From rotating exhibits and permanent art collections, to a historic home and acres of gardens, Cheekwood has been a haven for Nashvillians during the pandemic as a place to get outside, view art and find some sense of calm and beautiful normalcy.

Cheekwood, the 55-acre botanical garden and art museum located on the historic Cheek estate, was originally built as the home of Leslie and Mabel Cheek in 1929. Today, Cheekwood is one of the finest examples of an American Country Place Era estate, and since being converted into a museum of art and botanical garden in 1960, has presented world-class art exhibitions, spectacular gardens and sense of history and place to Nashville.

“The historic landscape at Cheekwood provides, not only through its natural beauty, but there’s that juxtaposition involved when you start introducing modern art into composition, including that historic landscape, that makes a lovely venue for most anything,” says Peter Grimaldi, vice president of gardens and horticulture. “That’s intellectually interesting, which is part of the success.”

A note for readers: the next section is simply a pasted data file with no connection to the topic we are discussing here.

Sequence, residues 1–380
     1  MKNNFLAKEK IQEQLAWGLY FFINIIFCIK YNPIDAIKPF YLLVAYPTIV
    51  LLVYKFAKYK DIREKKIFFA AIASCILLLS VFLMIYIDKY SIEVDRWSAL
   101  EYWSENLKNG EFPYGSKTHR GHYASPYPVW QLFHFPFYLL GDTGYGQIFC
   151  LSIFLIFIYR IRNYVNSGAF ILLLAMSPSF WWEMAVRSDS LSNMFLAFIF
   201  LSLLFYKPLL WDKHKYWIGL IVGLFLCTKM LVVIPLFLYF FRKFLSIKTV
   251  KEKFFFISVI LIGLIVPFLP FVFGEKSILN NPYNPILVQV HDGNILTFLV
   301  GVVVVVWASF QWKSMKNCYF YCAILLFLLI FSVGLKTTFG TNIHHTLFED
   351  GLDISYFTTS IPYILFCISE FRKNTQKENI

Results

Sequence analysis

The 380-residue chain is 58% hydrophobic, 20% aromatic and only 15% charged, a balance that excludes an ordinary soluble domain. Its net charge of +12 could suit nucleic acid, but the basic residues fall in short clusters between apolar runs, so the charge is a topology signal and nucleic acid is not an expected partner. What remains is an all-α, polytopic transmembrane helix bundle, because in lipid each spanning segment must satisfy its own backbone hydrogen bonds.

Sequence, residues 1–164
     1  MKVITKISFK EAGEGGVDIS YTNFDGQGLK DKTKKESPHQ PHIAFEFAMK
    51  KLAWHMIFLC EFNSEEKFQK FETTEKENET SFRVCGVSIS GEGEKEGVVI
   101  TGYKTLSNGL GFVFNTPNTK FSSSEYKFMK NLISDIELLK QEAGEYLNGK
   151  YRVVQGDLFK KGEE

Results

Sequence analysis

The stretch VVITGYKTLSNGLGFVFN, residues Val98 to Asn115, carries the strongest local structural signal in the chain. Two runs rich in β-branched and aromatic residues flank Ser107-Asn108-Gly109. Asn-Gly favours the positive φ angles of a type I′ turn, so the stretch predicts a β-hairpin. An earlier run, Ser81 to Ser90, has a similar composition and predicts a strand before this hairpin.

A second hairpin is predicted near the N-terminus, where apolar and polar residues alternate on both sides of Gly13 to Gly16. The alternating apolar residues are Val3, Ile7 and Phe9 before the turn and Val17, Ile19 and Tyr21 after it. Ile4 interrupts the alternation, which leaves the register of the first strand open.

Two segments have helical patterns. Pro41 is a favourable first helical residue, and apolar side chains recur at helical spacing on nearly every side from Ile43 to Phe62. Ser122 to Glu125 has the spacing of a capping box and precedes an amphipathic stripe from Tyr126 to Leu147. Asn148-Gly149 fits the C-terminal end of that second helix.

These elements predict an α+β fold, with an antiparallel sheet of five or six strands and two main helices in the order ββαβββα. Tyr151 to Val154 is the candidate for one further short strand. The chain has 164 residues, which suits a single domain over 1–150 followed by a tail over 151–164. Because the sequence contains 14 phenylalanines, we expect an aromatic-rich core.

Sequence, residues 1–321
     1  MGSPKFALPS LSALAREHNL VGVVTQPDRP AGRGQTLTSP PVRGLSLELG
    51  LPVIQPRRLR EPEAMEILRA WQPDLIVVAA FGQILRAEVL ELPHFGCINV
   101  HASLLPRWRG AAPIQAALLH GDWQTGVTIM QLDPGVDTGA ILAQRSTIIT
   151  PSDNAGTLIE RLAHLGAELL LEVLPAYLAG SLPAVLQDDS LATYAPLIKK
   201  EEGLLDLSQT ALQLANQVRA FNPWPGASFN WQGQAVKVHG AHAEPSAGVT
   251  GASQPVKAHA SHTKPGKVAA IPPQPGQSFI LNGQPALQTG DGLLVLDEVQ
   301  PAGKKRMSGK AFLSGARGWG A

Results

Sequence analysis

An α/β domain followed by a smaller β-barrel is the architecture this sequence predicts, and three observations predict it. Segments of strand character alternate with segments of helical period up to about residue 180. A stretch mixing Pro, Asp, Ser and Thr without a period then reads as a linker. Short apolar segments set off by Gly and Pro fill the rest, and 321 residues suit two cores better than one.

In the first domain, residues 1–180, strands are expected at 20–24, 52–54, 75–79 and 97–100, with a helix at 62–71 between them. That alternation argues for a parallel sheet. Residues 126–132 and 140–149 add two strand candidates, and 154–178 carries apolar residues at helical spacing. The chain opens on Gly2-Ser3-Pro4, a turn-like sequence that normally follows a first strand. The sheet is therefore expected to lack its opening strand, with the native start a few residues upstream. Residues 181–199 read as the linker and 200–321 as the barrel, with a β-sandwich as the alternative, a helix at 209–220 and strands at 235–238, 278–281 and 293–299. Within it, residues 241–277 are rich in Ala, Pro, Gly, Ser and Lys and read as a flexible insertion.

Cheekwood continues to bring art into nature in a way that inspires and takes both art and nature and casts them in a different light, like the Chihuly glass exhibit that has been so popular in the past. And with the pandemic pushing more and more people to enjoy the outdoors, Cheekwood has continued to be a place to safely see some beautiful art.

“We’ve been happy to provide our members and guests with an opportunity to get outside and safely explore nature, and have enough space to enjoy themselves again in a safe environment,” says Grimaldi.

Sean Kenney’s Nature Pop! Made with LEGO bricks is on display through September 5. The Art Bark exhibit by local artist Herb Williams is on display until August 29. The stonework sculpture of William Edmondson is on display through October 31. Contact Cheekwood to make reservations.